[Mb-civic] Vote Complicates Area's Diplomacy - Washington Post
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Thu Jan 26 03:00:15 PST 2006
Vote Complicates Area's Diplomacy
Hamas Emerges as Significant Force Despite U.S. Efforts
By Glenn Kessler
Washington Post Staff Writer
Thursday, January 26, 2006; A19
The Bush administration has strongly urged Palestinian leaders not to
permit any Hamas members into the Palestinian cabinet, but yesterday's
better-than-expected electoral showing by a group labeled a terrorist
organization by the United States greatly complicates the
administration's diplomacy in the region, U.S. officials said yesterday.
Hamas, which is dedicated to the destruction of Israel, appears to have
ridden a wave of popular disgust at the perceived corruption and
incompetence of the ruling Fatah Party. Exit polls indicate Fatah will
have only a slim edge over Hamas in the Palestinian Legislative Council,
giving Hamas a strong claim to a role in the government.
Fatah in theory may still be able to form a government that excludes
Hamas -- formally the Islamic Resistance Movement -- but Palestinian
President Mahmoud Abbas has expressed hope that by bringing Hamas into
the political process, it will become a partner in seeking a peace
accord with Israel.
The results also suggested the risks inherent in the Bush
administration's campaign to bring democracy to the Middle East.
Administration spokesmen officially celebrated the "historic moment" for
the Palestinians while officials privately reeled at the outcome.
Bush administration officials had hoped Hamas would get as little as 20
percent of the vote. The Washington Post reported Sunday that the United
States had spent $2 million in recent weeks to promote the Palestinian
Authority, and by extension Fatah, in a campaign that kept U.S.
involvement hidden. Before yesterday, officials were bracing for Hamas
to receive 30 to 40 percent of the vote; exit polls indicated that Hamas
topped 40 percent of the seats.
U.S. officials, from President Bush on down, reiterated that the United
States will not deal with Hamas as long as it does not renounce violence.
"A political party, in order to be viable, is one that professes peace,
in my judgment, in order that it will keep the peace," Bush said in an
interview with the Wall Street Journal yesterday. "And so you're getting
a sense of how I'm going to deal with Hamas if they end up in positions
of responsibility. And the answer is: not until you renounce your desire
to destroy Israel will we deal with you."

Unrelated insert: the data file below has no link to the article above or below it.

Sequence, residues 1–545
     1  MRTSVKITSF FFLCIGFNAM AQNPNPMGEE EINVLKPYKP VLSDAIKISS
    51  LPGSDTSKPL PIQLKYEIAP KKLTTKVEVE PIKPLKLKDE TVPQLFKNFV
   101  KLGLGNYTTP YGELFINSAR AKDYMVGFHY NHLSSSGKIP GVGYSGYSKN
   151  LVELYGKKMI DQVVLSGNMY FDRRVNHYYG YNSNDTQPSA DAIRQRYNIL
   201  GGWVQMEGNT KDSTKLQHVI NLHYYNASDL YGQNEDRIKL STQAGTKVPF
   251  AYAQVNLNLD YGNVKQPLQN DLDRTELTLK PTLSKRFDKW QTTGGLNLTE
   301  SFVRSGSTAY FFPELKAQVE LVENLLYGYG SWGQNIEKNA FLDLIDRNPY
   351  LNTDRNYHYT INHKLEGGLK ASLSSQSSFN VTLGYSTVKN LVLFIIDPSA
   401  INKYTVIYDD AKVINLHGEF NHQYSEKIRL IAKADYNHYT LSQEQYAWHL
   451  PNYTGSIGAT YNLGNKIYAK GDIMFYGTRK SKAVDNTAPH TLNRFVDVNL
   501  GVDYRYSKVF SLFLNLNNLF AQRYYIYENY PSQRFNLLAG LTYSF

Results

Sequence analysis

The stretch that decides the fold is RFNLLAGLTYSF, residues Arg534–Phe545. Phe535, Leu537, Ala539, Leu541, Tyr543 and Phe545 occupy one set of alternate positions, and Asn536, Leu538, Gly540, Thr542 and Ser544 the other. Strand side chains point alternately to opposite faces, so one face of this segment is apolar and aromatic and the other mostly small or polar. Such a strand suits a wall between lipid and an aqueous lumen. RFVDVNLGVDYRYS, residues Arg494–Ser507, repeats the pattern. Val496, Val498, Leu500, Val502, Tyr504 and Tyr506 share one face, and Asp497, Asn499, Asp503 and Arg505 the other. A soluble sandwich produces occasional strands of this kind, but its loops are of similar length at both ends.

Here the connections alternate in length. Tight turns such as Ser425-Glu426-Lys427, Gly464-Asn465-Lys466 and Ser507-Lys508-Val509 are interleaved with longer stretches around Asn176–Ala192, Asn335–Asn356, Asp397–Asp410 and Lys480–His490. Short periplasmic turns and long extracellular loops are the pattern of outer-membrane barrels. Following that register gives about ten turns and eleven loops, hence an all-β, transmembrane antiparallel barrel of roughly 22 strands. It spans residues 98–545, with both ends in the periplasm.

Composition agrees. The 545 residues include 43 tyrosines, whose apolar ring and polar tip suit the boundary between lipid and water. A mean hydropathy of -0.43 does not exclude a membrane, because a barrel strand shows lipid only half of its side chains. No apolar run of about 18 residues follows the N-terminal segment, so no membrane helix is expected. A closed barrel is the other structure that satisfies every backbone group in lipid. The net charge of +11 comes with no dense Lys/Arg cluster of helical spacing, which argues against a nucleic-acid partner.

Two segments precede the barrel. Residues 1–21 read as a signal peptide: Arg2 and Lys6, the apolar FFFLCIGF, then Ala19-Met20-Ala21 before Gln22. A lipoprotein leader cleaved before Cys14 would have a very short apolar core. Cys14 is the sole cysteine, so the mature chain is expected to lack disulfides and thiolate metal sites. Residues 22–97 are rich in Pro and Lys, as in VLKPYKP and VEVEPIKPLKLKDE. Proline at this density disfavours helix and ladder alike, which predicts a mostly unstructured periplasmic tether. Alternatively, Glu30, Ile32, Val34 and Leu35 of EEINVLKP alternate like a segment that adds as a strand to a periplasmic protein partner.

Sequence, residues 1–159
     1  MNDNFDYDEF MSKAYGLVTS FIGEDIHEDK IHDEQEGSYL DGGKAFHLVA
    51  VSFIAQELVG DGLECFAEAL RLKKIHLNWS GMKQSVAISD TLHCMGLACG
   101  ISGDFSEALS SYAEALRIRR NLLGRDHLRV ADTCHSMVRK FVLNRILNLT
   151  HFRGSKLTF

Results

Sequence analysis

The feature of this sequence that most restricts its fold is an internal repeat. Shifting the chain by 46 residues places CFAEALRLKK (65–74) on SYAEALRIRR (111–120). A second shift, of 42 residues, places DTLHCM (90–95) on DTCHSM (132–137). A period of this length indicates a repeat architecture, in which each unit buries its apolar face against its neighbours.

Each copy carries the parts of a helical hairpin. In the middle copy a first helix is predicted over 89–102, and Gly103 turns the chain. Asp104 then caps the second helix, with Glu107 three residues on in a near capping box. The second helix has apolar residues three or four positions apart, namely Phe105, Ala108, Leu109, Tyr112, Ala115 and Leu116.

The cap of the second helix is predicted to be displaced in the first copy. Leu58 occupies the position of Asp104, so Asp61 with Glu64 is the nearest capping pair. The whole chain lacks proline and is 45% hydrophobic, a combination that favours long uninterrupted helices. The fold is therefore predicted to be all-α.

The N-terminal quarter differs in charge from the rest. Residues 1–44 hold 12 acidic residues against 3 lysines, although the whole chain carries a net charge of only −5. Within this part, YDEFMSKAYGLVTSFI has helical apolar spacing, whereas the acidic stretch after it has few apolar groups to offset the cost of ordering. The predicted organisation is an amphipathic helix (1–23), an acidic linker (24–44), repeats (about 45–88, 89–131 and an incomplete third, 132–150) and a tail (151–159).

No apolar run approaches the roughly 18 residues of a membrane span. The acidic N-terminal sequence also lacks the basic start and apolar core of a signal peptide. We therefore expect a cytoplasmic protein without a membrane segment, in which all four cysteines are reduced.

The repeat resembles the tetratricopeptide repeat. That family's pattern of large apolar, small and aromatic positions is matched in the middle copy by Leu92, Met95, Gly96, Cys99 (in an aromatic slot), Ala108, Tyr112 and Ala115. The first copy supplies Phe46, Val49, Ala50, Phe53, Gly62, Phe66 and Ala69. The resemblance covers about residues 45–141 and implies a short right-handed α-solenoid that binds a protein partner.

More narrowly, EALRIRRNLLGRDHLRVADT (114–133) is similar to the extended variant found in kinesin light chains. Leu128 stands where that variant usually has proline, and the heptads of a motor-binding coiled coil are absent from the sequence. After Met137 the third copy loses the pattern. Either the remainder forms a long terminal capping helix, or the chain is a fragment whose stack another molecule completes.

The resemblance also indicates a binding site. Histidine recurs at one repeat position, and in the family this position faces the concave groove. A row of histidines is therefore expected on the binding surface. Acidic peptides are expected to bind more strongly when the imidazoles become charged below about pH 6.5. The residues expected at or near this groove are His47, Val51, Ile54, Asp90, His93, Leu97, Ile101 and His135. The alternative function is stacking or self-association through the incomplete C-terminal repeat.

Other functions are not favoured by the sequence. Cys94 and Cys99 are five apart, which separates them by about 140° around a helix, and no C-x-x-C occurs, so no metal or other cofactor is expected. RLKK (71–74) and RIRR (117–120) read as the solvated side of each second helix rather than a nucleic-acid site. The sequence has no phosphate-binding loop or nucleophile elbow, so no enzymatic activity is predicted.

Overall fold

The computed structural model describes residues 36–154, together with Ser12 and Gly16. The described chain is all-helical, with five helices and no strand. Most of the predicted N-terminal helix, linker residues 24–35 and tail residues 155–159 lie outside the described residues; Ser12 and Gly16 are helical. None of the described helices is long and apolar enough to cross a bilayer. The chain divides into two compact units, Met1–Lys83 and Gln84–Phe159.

Bush's statement left open the possibility that the United States would
not reject a Palestinian government that includes Hamas, but instead
that the United States would not work directly with cabinet ministers
who have Hamas connections. There is a precedent for this approach: The
Bush administration already works with the Lebanese government, even
though one cabinet member is a member of Hezbollah, also labeled a
The U.S. ambassador to Israel, Dick Jones, was quoted this week in the
Israeli newspaper Haaretz as saying the Lebanese model might serve as a
guide for dealing with the Palestinian Authority if Hamas joins the
government. Jones has told officials in Washington the remarks were made
at a dinner party and were taken out of context.
One major issue is that the United States has much more extensive
dealings with the Palestinian Authority than it does with Lebanon. Hamas
has indicated it would like to obtain ministerial portfolios that touch
on social services, raising questions about whether some of the hundreds
of millions of dollars in annual U.S. aid could continue to flow to
certain public works projects if they are overseen by a Hamas cabinet
Moreover, with Israel facing critical elections in March, the
administration must deal carefully with the emerging Palestinian government.
The administration must also hold together its allies in the peace
process, particularly the European Union. Last late year, the sponsors
of the "road map" peace plan, known as the Quartet, issued a statement
saying that "a future Palestinian Authority cabinet should include no
member who has not committed to the principles of Israel's right to
exist in peace and security and an unequivocal end to violence and
But that statement was not categorical, and some European officials have
indicated in recent days that instead of the black-and-white view
expressed by the United States, perhaps Hamas needed greater
encouragement to make a break with its past, much like the Irish
Republican Army. One U.S. official sighed that the European Union was
like the "International House of Pancakes -- there are a ton of waffles
Secretary of State Condoleezza Rice will meet in London next week with
her counterparts from the European Union, Russia and the United Nations
to try to reach an agreement. "There will be a very healthy debate about
how to encourage Hamas to eschew violence and get into the political
process," one diplomat involved in the discussions said.
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